Abbas must defeat terrorists to avoid gangland politics.
by Victor Davis Hanson
Tribune Media Services
After the Israelis’ recent pullout from the Gaza Strip, chaos broke out. Greenhouses that had been purchased by international agencies for future Palestinian use were ransacked by the beneficiaries. Violent fights over looted equipment escalated among squatters, the government and terrorists.
Empty synagogues were burned. Gangs and criminals smuggled weapons and drugs across the unguarded Egyptian border. An apparent bomb-making factory in a Gaza building blew up. Warlords from Hamas, Islamic Jihad and Al Aqsa Martyrs Brigades claimed victory over the Israelis and promised to set up rocket bases for envisioned new offensives against Israel. Gunmen immediately threw up their own new checkpoints to shake down and intimidate civilians.
Meanwhile, a relative of Yasser Arafat, the former security official Moussa Arafat, was dragged out of his house and executed in the street. Taybeh, a Christian village near Ramallah, was attacked by mobs and some of its houses burned.
The reactions of most Americans to all this televised Wild-West sort of lawlessness probably will fall into three broad categories:
Supporters of the Palestinians will remind us that we cannot expect the “oppressed” always to vent their pent-up frustrations in the civilized manner that we would like.
In contrast, no-nonsense hardheads will adopt a “See, I told you so!” attitude in dismissing any idea that such folk could ever govern themselves.
But most in between will continue to sincerely hope for the best, while resigning themselves to the worst.
Our politicians sound even more at odds over the future of both the West Bank and Gaza. Some conservatives — who believe that democracy will emerge in Iraq even amid suicide bombing and assassination — strangely seem to rule out any such optimism for Palestinian President Mahmoud Abbas’ elected government in a similarly violence-prone region. But are the Iraqis any more experienced in, or eager for, parliamentary politics than the Palestinians? And how can one be for the idea of democracy in the more pro-American Iraq, but not so in an apparently anti-American Palestine?
Some liberals are just as inconsistent. How can they argue that the American effort to build democracy in Iraq is either wrong, naive or doomed while they have confidence in the emerging Palestinian experiment in self-rule and wish to resume American aid to it? Why should we believe that Abbas is a legitimate leader while Iraqi President Jalal Talabani, the veteran Kurdish foe of Saddam Hussein, is not?
We can, though, take another approach, acknowledging how the Palestinian situation differs from the Iraqi one while understanding what Abbas must do to achieve a peaceful state. Palestine is not Iraq (nor is it Afghanistan, either). Iraq’s elected government is engaged in a necessary civil war; the Palestinian Authority is not. Talabani’s government fights daily against Islamic terrorists from a 20 percent Sunni minority (that is stained by past intimacy with the mass-murdering Saddam Hussein and present sympathy from al-Qaida terrorists).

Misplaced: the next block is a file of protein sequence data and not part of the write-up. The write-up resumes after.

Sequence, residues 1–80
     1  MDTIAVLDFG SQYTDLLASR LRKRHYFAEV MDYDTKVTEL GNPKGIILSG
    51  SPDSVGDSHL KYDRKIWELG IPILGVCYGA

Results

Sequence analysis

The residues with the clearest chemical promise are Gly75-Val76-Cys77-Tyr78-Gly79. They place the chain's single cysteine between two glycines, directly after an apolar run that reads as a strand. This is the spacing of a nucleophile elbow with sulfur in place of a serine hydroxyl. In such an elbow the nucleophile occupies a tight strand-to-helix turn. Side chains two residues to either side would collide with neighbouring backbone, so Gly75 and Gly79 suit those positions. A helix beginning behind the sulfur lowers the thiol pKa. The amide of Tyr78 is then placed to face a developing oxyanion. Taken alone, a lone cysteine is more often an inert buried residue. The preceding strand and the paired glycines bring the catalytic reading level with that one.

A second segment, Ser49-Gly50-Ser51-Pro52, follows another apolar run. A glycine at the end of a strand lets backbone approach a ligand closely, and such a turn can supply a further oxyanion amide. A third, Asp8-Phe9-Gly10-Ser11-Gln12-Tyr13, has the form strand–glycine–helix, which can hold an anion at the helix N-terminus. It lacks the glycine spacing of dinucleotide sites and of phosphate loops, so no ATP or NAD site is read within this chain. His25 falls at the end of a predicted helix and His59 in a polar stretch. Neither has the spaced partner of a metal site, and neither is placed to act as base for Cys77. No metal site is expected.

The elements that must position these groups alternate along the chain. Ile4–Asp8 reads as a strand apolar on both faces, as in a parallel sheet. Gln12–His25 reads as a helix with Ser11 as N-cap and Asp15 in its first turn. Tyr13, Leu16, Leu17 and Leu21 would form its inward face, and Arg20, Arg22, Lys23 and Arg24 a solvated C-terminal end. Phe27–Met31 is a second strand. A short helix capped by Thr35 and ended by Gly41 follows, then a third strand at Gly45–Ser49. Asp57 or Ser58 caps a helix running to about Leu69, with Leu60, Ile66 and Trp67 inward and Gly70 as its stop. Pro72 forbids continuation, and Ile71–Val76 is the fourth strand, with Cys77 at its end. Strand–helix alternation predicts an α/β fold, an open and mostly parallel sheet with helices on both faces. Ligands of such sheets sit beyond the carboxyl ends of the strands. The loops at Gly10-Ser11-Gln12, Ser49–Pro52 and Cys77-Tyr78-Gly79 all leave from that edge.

Of course, the elected Abbas may well wish for a constitutional system similar to Iraq’s. And he certainly has similar radical fundamentalist extremist enemies in Hamas, the al Aqsa Martyrs Brigades and Islamic Jihad. These gunmen, Iraqi-style, have already began to redirect their violence against the Palestinian Authority, since it will increasingly be responsible for law, order and government as the Israelis vacate many of the disputed territories.
But here again is the key difference so far between Iraq and Palestine. Abbas’ cabinet is not galvanizing popular support for fighting the terrorists, whose thuggery against Palestinians is tolerated as unfortunate blowback from their anti-Israeli jihad. Yet for Palestine to become a sovereign state that conducts normal relations with its friends and negotiates differences with the Israelis, the elected government, like Iraq’s, must assume a monopoly on the use of force and put down warlords and gangs.
Just as Talabani, Grand Ayatollah Ali al-Sistani and other Iraqi leaders are fighting for their lives not to allow Iraq to fall into the hands of the terrorist leader Abu Musab Al-Zarqawi and his followers, so also Abbas must now take the same risks in order to ensure that Palestine becomes a state rather than a permanent terrorist gangland.
Abbas must unambiguously accept the existence of the Jewish state and thus give up the boilerplate slogans about sending 4 million Arabs into pre-1967 Israel under the “right of return.” Instead of Palestinian officials praising terrorists in Arabic (“heroes fighting for freedom”) while condemning them in English to European diplomats, Abbas and his cabinet very soon must decree that Hamas and other killers lay down their weapons or face the fate of all outlaws.
The time for stale slogans about pushing the Jews into the sea is over, since Israel welcomes a democratic Palestinian state to adjudicate remaining differences. So the increasing threat to democracy’s chances on the West Bank is not a F-16 or an Apache, but a masked killer with Iranian money, a Kalashnikov and a rocket-propelled grenade. Islamicists who shoot, not Westerners who support those who vote, alone can destroy the future of Afghanistan, Iraq — and Palestine.
President Talabani and his Iraqi parliament, like President Hamid Karzai in Afghanistan, are making progress as they fight the radical Islamic enemies of democracy and the rule of law. Mahmoud Abbas, in contrast, has not even begun.